Monster Mountain 6/28/2011

MONSTER MOUNTAIN

Katahdin means “Greatest Mountain.” Indeed, no better way to start this 2011 Thru-hike! Our pictures cannot truly capture the 45’ angle up-climb on the Abol Trail. We looked DOWN and saw a hawk hunting!  The AT begins at the top of the mountain, so we took the Abol Trail up: that way I truly started the AT from the sign at the top. Hello to Georgia!

On our way into Baxter State Park the other day, we picked up a hiker who was doing a road walk just to get to the trail. She’s also Southbounding and I hope to see her again. I think she summited Katahdin the day after us

Well, this is it, folks. No more nice, dry cabin to come back to after a walk in Baxter Park. No more glorious meals by Chef Ed Cobb. No more hope for a shower. The bugs are so bad here we are actually wearing long-sleeves and “nerd hats” (mosquito net hats). But the mosquitos here bite through clothing. Far worse than those in the Peruvian jungle.  Our next stretch is the 100 Mile Wilderness. We need to complete in 7 days because that’s all the food we can fit in our bags!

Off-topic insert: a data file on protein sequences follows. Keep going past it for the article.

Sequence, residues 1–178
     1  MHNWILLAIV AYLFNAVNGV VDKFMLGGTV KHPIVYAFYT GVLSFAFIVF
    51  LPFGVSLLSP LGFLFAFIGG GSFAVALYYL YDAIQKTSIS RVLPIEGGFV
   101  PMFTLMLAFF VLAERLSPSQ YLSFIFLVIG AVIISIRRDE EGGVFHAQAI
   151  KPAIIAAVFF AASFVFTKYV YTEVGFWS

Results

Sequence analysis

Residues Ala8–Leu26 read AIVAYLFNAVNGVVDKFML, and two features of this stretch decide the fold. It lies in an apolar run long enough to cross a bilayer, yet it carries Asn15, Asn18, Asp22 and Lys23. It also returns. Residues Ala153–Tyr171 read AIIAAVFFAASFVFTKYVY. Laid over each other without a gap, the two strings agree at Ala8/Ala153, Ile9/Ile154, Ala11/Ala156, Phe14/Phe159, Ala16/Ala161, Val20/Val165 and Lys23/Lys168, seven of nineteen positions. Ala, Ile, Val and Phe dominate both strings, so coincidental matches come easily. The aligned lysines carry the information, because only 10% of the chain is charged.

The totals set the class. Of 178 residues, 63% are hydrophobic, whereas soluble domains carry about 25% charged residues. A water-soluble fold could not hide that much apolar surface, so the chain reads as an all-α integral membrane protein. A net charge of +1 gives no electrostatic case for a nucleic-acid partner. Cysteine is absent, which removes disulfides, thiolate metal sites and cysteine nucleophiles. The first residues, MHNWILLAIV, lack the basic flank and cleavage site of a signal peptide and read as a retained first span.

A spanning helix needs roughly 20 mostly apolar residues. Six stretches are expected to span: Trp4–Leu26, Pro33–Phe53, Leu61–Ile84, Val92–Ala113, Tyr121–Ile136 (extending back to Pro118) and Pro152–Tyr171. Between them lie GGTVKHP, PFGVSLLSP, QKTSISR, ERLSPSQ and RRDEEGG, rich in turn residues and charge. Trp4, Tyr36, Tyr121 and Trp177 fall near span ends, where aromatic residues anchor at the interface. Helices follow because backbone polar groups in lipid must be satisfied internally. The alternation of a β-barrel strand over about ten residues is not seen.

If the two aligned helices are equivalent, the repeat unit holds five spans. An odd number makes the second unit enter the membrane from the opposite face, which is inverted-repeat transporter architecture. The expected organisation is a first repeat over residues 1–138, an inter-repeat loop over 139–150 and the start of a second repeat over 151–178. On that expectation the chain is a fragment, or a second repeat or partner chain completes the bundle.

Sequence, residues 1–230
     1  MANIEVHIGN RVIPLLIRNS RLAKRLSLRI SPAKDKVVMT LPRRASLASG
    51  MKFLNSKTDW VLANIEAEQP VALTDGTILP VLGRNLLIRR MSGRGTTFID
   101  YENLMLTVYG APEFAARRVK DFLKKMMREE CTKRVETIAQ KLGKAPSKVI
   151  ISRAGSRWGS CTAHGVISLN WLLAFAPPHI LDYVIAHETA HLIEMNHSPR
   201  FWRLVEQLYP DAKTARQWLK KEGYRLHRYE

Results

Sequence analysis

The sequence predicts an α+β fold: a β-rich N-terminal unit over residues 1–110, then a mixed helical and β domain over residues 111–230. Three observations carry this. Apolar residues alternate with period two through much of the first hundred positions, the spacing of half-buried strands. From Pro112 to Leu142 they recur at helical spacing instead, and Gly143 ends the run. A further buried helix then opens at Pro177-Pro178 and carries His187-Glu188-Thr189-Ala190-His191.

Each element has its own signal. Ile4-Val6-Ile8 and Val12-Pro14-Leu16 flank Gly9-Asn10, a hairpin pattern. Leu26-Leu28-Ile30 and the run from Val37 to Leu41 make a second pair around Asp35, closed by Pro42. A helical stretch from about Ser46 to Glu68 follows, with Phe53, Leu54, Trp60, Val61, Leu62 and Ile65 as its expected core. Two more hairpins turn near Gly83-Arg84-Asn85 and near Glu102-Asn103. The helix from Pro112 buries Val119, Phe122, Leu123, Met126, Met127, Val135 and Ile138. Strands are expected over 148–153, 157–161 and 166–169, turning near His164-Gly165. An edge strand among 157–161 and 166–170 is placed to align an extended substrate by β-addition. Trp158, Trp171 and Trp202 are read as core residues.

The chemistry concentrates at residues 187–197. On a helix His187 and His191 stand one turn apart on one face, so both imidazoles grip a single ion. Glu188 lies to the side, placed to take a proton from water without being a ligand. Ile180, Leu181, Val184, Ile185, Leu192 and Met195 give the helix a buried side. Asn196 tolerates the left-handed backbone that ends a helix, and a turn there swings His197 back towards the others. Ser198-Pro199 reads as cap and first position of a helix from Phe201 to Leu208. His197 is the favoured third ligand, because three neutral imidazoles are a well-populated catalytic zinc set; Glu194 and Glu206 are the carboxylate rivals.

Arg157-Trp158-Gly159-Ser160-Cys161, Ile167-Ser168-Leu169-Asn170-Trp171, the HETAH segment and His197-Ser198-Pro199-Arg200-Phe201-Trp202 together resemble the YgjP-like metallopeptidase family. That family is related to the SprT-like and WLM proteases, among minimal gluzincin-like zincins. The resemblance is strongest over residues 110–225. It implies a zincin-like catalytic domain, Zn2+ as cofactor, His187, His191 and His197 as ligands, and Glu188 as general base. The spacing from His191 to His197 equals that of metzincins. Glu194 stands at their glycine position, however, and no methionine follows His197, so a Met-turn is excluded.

We are very excited. I’m so thankful Powder is here with me for the first week! I hope to make some thru-hiker friends in the next couple of weeks who will be my companions for the duration.

Thanks everyone again for your excitement, encouragement and prayers. I’m very blessed to be able to pause work for a while to do this. It is something I love, but will also be a great challenge. As I see already from the incredible pain in my knees and the incredible annoyance of man-eating mosquitos and black-flies.

Hurray!!! Everything a girl could dream of.